Point prevalence of penicillin allergy in hospital inpatients
JournalThe Journal of Hospital Infection
RightsCrown Copyright © 2020. Published by Elsevier Ltd. All rights reserved.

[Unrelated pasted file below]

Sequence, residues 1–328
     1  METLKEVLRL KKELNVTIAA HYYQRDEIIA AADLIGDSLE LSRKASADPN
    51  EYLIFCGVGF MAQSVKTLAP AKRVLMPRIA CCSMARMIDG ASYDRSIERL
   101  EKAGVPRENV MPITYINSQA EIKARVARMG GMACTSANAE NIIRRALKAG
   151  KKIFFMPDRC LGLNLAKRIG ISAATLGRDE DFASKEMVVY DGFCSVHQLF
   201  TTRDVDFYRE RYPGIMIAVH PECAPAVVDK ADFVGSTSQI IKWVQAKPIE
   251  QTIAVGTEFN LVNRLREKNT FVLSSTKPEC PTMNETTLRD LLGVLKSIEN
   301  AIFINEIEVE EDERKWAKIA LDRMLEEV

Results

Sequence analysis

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Ten percent of the general population believe themselves to be allergic to beta-lactams, many erroneously. Alternative, broader-spectrum antibiotics are associated with increased drug costs and colonization with resistant organisms. A point prevalence study of hospital inpatients determined the local reported rate of penicillin allergy, the nature of allergy described, evidence of antimicrobial resistance and antimicrobial regimens used as a result. Of the 583 patients assessed, the overall rate of penicillin allergy was 13.7% [95% confidence interval (CI) 11-17%]. Rash was the most commonly reported reaction (27.5%, 95% CI 18-39%). Details of the nature of the penicillin allergy were poorly recorded on drug charts. Significantly higher rates of meticillin-resistant Staphylococcus aureus were seen in the allergic cohort (P=0.0065) compared with those without a label of penicillin allergy; this was also seen for vancomycin-resistant enterococci, but this did not reach significance. This study demonstrates an increase in detection of resistant organisms in penicillin-allergic patients which may result from use of broader-spectrum antibiotics in this group.